In 1736-7, a workhouse was erected at the north side of Calf Street, Great Torrington. In 1776, it could house up to 20 inmates. In1737, it was odered that a bridewell
The Torrington Poor Law Union formally came into existence on 30 November 1835. Its operation was overseen by an elected Board of Guardians, 28 in number, representing its 23 constituent parishes as listed below (figures in brackets indicate numbers of Guardians if more than one):
Devon: Alverdiscot, Ashreigny or Ring's Ashe (2), Beaford, Buckland Filleigh, Dalton, Dowland, Futhelstock, High Bickington, Huish, Huntshaw, Langtree, Merton, Peter's Marland, Petrockstow, Roborough, Shebbear (2), Sheepwash, St Giles-in-the-Wood, Great Torrington (3), Little Torrington, Winkleigh (2), Wear Gifford, Yarnscombe.
The population falling within the Union at the 1831 census had been 17,348 ranging in size from Huish (population 131) to Great Torrington (3,092). The average annual poor-rate expenditure for the period 1833-35 had been £7,416 or 8s.7d. per head
A new union workhouse was built in 1837 on the south side of New Street to the west of Great Torrington. It was designed by Sampson Kempthorne who was also the architect for other Devon workhouses at Axminster, Barnstaple, Crediton, Exeter, Okehampton, and South Molton. Intended to accommodate 200 inmates, the Poor Law Commissioners authorised the sum of £3,800 on its construction. The workhouse location and layout are shown on the 1904 map below:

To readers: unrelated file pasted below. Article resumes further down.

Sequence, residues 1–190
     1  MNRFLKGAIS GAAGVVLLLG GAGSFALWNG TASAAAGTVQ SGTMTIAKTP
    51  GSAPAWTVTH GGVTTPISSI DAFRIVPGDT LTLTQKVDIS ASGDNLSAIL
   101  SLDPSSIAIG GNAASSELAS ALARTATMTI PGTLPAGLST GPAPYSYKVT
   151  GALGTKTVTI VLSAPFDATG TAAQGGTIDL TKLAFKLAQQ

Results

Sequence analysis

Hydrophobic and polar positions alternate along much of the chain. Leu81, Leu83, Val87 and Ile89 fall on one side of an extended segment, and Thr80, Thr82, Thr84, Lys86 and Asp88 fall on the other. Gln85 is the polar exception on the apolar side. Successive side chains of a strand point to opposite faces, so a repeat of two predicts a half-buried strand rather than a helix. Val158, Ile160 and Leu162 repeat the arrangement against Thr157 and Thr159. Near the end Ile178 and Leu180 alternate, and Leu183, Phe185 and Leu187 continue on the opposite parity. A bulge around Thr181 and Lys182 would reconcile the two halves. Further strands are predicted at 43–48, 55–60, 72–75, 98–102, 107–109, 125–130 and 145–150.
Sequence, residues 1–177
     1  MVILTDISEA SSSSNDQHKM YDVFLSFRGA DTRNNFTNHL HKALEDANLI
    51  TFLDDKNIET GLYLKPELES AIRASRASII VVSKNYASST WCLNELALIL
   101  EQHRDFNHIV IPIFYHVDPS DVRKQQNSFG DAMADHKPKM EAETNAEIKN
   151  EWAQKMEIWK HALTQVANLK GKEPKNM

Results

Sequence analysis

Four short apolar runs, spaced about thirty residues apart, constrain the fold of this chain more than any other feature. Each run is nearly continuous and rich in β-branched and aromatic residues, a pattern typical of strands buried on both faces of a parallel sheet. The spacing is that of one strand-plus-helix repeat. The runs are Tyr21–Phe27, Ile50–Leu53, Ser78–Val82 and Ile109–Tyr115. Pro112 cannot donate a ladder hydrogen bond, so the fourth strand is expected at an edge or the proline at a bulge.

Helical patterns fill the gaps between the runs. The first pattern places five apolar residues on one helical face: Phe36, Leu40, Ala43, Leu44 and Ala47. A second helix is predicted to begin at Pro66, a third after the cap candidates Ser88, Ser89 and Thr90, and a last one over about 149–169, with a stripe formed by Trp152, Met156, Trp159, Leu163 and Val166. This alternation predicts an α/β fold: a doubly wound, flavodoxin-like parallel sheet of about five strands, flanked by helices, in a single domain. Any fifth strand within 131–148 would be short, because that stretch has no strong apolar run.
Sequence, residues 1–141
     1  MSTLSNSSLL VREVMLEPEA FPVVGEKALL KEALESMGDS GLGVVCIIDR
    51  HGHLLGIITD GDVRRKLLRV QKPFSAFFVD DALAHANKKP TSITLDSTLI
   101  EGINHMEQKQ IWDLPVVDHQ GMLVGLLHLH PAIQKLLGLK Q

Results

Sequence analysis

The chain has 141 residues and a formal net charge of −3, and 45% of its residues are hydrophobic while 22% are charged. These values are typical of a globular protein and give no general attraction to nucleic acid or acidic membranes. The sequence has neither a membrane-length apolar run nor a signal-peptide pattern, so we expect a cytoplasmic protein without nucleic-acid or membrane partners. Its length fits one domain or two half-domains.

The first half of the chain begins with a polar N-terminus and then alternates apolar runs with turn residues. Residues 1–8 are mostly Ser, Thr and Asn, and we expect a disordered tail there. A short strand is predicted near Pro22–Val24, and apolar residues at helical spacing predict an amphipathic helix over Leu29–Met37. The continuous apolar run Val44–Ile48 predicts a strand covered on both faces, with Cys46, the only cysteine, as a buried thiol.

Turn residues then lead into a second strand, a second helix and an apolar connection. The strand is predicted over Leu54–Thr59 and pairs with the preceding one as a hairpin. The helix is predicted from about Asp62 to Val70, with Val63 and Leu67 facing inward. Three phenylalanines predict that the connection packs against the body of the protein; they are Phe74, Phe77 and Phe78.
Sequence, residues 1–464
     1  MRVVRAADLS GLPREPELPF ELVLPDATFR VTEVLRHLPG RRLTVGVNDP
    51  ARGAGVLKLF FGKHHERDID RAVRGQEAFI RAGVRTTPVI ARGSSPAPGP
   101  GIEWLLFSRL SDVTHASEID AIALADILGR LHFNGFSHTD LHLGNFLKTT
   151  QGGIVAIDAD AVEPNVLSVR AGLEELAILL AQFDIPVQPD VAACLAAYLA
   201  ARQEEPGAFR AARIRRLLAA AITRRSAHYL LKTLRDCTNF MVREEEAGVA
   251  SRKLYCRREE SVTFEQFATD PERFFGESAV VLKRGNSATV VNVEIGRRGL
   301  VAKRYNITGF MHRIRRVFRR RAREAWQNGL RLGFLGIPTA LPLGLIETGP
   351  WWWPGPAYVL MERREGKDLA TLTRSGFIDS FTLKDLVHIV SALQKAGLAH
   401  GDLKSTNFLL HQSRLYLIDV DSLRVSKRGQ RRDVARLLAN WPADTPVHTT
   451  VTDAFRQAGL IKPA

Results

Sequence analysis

The workhouse layout was based on Kempthorne's standard cruciform or "square" design which created four courtyards — one each for men, women, boys and girls.
In the 1870s a 26-bed infirmary was added at the north of the workhouse and a chapel at the south.
After 1904, for birth registration purposes, the workhouse was identified as 257 New Street, Torrington.
The workhouse later became Torrington Public Assistance Institution. The workhouse buildings no longer exist and the site is occupied by Woodland Vale accommodation for the elderly.
Note: many repositories impose a closure period of up to 100 years for records identifying individuals. Before travelling a long distance, always check that the records you want to consult will be available.
- North Devon Record Office, Tuly Street, Barnstaple, EX31 1EL. Holdings include: Guardians' minute books (1837-1932, with gaps); Births (1872-1935); Deaths (1871-1914); Register of lunatics (1891-1922); Register of mechanical restraint (1890-1911); etc.
- Alexander, J.J & Hooper, W.R. The History of Great Torrington in the County of Devon (1948, Advance Studio, Sutton)
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